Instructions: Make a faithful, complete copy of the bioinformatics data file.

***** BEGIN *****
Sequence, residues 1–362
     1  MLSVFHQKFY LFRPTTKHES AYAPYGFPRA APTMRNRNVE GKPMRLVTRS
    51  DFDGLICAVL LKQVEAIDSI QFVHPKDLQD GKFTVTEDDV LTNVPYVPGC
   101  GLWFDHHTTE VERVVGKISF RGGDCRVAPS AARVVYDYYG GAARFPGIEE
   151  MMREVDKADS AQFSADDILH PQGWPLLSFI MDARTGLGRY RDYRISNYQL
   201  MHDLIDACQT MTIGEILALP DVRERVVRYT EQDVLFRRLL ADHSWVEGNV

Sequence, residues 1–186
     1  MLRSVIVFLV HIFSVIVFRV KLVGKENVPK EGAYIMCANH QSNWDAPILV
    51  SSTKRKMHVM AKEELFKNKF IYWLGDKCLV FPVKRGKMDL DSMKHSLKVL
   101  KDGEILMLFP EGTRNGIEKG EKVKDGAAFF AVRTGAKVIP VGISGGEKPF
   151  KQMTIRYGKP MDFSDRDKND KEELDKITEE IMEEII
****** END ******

Sequence, residues 1–362
     1  MLSVFHQKFY LFRPTTKHES AYAPYGFPRA APTMRNRNVE GKPMRLVTRS
    51  DFDGLICAVL LKQVEAIDSI QFVHPKDLQD GKFTVTEDDV LTNVPYVPGC
   101  GLWFDHHTTE VERVVGKISF RGGDCRVAPS AARVVYDYYG GAARFPGIEE
   151  MMREVDKADS AQFSADDILH PQGWPLLSFI MDARTGLGRY RDYRISNYQL
   201  MHDLIDACQT MTIGEILALP DVRERVVRYT EQDVLFRRLL ADHSWVEGNV

Sequence, residues 1–186
     1  MLRSVIVFLV HIFSVIVFRV KLVGKENVPK EGAYIMCANH QSNWDAPILV
    51  SSTKRKMHVM AKEELFKNKF IYWLGDKCLV FPVKRGKMDL DSMKHSLKVL
   101  KDGEILMLFP EGTRNGIEKG EKVKDGAAFF AVRTGAKVIP VGISGGEKPF
   151  KQMTIRYGKP MDFSDRDKND KEELDKITEE IMEEII